Many patients believe that thinning hair is a part of life that cannot be treated. “It’s just something I’ll have to live with,” is a common refrain among men who begin to notice signs of hair loss. The biggest myth surrounding hair loss is that nothing can be done. However, this is not the case. Drs. Edmond Griffin and Ashley Curtis explain the truth behind this and some of the other big hair loss and hair restoration myths in this blog.
MYTH: Frequent use of hats or helmets cause or speed up hair loss.
TRUTH: This notion is merely folklore. Wearing a hat or helmet will not speed up or cause hair loss.
MYTH: Male pattern baldness is inherited from the maternal grandfather.
TRUTH: This is both true and false. Just like with any genetic trait, pattern baldness can be inherited from both the mother’s and the father’s side of the family. Though there are tests to determine the presence of the balding gene, these tests don’t confirm which side of the family gave you the gene or even whether the gene will be expressed in the future. Just because you have the gene doesn’t mean you’ll lose hair more than normal, though it does greatly increase your chances.
MYTH: Using conditioner can prevent baldness.
TRUTH: Because the hair is not a living structure, conditioners merely coat the dead hair shaft making it less prone to breakage. Conditioners have no influence on balding, though. If enough breakage occurs the hair looks thinner.
MYTH: Shampooing daily causes increased shedding.
TRUTH: In general, shampoos clean the hair and do not affect hair growth or loss. To some degree, daily shampooing has been found to show slightly less hair loss by total count than shampooing once weekly. Research shows that shampoos that contains anti-yeast medications seem to slow total monthly hair loss even more (example: Nizoral and DHS with Zinc).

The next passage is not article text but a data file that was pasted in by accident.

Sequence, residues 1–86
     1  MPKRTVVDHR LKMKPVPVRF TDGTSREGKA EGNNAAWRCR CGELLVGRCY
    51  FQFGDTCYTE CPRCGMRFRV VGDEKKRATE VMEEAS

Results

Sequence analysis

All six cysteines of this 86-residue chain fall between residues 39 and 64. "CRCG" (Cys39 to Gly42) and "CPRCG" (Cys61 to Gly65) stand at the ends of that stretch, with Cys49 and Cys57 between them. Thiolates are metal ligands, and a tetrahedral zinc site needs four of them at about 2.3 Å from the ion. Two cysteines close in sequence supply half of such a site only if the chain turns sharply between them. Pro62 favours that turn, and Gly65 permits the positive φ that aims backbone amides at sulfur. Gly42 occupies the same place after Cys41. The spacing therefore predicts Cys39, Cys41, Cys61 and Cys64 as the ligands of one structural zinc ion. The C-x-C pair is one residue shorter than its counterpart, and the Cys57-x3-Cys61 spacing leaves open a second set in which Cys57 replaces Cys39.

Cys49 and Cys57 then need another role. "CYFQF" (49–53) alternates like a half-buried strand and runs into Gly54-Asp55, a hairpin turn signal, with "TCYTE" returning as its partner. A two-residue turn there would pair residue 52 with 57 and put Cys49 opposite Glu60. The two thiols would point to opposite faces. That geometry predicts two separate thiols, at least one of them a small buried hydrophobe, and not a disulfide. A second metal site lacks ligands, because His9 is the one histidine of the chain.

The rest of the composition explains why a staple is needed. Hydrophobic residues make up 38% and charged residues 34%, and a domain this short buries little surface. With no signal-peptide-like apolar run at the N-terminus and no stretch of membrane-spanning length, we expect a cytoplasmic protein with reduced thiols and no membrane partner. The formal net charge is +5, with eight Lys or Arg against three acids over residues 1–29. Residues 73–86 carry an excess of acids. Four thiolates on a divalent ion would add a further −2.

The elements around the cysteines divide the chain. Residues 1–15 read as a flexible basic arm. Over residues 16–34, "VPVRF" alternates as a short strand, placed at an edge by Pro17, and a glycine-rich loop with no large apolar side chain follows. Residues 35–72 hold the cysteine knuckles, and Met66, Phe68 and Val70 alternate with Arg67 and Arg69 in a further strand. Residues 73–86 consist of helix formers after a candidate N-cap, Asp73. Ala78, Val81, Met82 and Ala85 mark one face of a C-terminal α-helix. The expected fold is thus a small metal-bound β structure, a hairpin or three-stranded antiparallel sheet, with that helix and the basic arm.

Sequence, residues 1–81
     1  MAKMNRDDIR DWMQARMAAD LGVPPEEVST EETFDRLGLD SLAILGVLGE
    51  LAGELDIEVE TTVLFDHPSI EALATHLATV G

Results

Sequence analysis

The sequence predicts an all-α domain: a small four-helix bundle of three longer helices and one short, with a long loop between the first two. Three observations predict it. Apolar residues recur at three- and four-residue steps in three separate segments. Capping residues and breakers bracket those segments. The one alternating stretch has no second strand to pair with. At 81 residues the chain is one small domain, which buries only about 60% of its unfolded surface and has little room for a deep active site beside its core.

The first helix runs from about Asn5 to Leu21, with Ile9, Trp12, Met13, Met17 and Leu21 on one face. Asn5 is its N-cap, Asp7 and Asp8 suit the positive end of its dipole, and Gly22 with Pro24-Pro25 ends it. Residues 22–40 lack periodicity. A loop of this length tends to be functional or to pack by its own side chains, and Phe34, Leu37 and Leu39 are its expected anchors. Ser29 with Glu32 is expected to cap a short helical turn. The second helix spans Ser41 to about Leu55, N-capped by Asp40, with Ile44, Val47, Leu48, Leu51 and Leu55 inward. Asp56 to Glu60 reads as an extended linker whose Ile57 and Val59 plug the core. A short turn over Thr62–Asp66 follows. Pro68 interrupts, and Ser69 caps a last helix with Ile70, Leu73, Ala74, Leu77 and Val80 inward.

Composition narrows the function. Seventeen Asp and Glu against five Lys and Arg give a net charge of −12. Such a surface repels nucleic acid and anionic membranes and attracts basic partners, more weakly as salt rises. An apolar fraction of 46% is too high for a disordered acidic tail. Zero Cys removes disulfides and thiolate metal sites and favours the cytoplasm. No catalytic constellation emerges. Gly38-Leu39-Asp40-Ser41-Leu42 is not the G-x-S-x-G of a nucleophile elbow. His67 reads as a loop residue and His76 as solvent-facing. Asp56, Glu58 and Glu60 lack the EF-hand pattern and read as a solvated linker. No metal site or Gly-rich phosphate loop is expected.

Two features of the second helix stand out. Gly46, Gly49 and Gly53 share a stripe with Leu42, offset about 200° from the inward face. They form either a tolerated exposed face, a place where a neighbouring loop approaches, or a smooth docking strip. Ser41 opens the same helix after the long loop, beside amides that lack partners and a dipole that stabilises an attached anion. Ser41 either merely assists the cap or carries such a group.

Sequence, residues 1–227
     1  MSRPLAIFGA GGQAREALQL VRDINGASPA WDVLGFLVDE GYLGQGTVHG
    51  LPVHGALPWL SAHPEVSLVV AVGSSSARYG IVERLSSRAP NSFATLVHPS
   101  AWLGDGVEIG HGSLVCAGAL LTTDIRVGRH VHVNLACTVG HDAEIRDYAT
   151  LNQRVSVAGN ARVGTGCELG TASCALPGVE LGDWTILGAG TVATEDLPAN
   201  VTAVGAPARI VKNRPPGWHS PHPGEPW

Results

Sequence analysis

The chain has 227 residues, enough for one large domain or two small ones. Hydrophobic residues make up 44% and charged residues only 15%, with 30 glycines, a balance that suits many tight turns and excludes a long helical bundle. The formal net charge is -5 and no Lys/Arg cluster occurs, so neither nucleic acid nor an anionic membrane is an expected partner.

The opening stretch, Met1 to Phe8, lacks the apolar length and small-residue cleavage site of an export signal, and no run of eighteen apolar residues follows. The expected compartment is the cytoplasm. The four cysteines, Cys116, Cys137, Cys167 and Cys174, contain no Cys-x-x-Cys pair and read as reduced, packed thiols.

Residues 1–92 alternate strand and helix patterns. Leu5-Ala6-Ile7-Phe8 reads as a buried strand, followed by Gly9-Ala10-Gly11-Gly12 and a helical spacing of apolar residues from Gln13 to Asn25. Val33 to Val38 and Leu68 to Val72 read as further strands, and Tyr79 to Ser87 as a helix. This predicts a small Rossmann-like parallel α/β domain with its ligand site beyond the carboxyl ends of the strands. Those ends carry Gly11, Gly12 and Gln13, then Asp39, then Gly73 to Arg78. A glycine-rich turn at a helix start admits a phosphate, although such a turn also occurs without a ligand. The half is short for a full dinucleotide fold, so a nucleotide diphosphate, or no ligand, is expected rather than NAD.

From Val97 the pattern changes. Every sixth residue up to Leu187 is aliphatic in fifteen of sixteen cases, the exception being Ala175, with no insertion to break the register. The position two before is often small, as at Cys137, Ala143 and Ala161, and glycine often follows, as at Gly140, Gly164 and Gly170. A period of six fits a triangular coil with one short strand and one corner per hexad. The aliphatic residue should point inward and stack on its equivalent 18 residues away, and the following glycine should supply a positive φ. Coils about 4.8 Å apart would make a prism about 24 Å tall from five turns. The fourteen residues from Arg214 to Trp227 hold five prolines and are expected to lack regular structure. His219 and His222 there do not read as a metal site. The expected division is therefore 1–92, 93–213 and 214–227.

MYTH: Undergoing hair transplant surgery means I no longer need to take preventative measures.
TRUTH: Transplanted hair comes from a donor area that is not affected by genetic hair loss symptoms. This means that it is not affected by the cause of pattern baldness (dihydrotestosterone) and remains in place permanently (pending other factors like chemotherapy and trauma) after transplantation. However, the hair in the balding area that was there before the transplant is still susceptible to pattern baldness. Therefore, preventative measures still need to be taken to maintain those follicles which were not transplanted and are genetically programmed to be lost at some time in the future.
Hair loss is a complicated condition. While pattern baldness is most often the cause of hair loss in men, there are many factors that could be the reason for your thinning. If you suspect your hair may be thinning, visit a dermatologist specializing in hair loss and restoration like those at The Griffin Center of Hair Restoration and Research to determine the cause of your hair loss. With a proper diagnosis, our providers can help you find the best methods of treatment for your situation.